A common occupation binds them, and their loyalties divide them. It's recommended listening, since the hosts are interesting in their own right, but have sufficient heft to attract heavy-hitter guests.
A thought experiment: What would it take to truly revolutionize pedestrian and cyclist transportation, especially in suburban areas? Shelters over sidewalks to make them useful 365 days a year? Electric bicycles? Moving walkways? Bridges or elevated lanes to bypass roads? Ski lifts mounted down the middle of highways? What novel applications of existing technologies would make moving at a human-powered pace competitive with getting stuck in traffic? The car isn't going to disappear, but even if we convert the entire automotive fleet to electric power and eliminate most air pollution, there would still be consequences from choosing autombiles as our primary tool for getting from Point A to Point B.
A piece you ought to read about a real pet peeve: Fluffing corporate language like job listings to create a false sense of importance -- and obscuring everything that really matters along the way. A very important criticism of fluffy job listings: They suggest that only fervent applicants with nothing to sacrifice are welcome, and that people with personal commitments (like parents) ought not apply.
Food is perhaps the cruelest conventional weapon of war, since it disproportionately punishes the sick, the young, and the old for fighting in which they're almost certainly not the belligerents.
America has a long and checkered history with those seeking asylum or refuge from violence and war. But our shining moment came in the shadow of WWI, when Herbert Hoover coordinated the effort to avert famine in Europe. Who is our Herbert Hoover in these circumstances today, as family separation remains a consequence of government policy under the Trump Administration and as the world's refugee/displaced population is larger than ever?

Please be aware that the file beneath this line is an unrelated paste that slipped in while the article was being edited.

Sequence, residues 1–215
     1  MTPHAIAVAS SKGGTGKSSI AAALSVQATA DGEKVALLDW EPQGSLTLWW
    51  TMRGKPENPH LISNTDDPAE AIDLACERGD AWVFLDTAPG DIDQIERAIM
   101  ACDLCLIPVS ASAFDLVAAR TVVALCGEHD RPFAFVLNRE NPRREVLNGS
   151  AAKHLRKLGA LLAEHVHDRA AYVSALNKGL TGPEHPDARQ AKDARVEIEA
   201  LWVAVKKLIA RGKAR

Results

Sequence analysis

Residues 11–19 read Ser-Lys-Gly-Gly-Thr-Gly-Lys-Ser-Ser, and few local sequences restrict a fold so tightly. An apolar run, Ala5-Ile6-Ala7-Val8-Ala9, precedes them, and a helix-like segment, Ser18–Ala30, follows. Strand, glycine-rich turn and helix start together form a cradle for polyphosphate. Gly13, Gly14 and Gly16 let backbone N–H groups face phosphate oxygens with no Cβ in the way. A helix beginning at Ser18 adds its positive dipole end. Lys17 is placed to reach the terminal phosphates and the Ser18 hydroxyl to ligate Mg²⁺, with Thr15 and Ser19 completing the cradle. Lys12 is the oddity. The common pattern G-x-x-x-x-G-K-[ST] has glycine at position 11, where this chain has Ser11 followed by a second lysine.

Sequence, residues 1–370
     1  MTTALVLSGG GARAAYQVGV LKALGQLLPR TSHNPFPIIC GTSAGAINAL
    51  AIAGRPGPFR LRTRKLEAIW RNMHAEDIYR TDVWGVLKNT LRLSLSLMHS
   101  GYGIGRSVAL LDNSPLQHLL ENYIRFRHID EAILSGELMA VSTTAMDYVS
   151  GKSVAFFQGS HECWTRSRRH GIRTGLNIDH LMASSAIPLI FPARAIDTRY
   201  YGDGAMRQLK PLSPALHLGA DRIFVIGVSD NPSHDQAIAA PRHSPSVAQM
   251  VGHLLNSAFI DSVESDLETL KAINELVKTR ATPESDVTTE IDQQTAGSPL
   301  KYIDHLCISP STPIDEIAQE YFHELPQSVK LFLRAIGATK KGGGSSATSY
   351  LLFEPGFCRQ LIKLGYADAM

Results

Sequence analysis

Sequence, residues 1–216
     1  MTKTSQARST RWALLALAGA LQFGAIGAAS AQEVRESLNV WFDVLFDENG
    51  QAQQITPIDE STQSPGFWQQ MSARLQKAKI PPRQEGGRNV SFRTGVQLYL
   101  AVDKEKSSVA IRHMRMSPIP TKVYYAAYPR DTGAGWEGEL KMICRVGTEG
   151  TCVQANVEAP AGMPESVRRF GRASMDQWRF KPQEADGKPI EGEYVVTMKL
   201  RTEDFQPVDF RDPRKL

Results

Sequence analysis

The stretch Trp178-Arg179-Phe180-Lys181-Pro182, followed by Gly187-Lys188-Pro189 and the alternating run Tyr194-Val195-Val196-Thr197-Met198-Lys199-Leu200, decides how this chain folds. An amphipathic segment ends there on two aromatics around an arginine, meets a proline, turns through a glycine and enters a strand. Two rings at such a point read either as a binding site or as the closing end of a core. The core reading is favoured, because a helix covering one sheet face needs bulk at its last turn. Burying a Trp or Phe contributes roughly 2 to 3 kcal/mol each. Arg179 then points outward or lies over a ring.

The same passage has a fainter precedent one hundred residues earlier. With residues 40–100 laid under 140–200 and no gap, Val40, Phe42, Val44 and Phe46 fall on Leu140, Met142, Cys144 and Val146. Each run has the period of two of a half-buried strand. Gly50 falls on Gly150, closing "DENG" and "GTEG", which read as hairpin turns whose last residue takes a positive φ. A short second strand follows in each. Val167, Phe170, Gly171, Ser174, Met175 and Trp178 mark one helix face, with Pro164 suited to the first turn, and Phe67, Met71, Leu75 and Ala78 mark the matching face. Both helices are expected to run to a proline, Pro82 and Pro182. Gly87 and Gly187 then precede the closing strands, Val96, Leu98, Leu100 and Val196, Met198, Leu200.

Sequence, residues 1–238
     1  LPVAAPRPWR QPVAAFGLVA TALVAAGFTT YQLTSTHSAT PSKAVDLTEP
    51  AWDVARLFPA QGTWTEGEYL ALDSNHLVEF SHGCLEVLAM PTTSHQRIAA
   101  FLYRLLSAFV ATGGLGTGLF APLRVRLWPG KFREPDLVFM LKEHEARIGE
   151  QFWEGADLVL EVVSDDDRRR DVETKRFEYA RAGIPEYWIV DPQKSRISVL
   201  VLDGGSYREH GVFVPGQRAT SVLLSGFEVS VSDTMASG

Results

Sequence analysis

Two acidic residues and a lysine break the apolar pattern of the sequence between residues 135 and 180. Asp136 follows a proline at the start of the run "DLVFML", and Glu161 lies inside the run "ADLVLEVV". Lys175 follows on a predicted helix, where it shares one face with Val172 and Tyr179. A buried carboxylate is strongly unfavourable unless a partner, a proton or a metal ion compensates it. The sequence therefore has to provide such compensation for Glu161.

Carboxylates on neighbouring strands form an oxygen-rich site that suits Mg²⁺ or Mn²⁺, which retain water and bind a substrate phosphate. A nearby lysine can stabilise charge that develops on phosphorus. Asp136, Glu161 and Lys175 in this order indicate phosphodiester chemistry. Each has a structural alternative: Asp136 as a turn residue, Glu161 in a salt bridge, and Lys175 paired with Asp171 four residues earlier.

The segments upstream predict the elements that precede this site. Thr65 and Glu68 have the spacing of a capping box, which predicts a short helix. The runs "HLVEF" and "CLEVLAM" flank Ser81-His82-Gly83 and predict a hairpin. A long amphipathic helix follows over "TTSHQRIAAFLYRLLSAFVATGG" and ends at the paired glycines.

Why do meetings make people sleepy? The buildup of carbon dioxide in meeting rooms and seminar halls may actually provide a useful physiological explanation that doesn't seem to have really occurred to most of us before.
Reliable sources differ -- but their estimates range from 1 million to 3 million. And any one of those would be a giant number: A population of one million would be more than all but the top ten largest cities in the United States. It isn't just a number; it's at least a million lives, plus those left behind who are affected by their detention. And if an understanding of human nature is any guide, then we may very well see far worse before China's government gets better. The more threatened an authoritarian regime feels, the more driven they are likely to become in using fear and repression to intimidate their opposition. Everyone saw what happened to Gorbachev when glasnost and perestroika moved people's souls before the structure of government was prepared to adapt.
Funds for the Des Moines venue were raised privately, at a time when such things were done
It's "Dilligaf", which looks like a completely innocuous word all by itself. But it's definitely not.
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The government will suspend debate on a bill that would have opened the door to extradition to mainland China for people who are supposed to be under the umbrella of Hong Kong's freedoms
FiveThirtyEight offers a 30-question test of the "big five" traits. It's good to know yourself.
The good achieved by busting distracted drivers is at least partially offset by the bad in making the roads just a little bit more of an unaccountable, undercover, full-time surveillance state.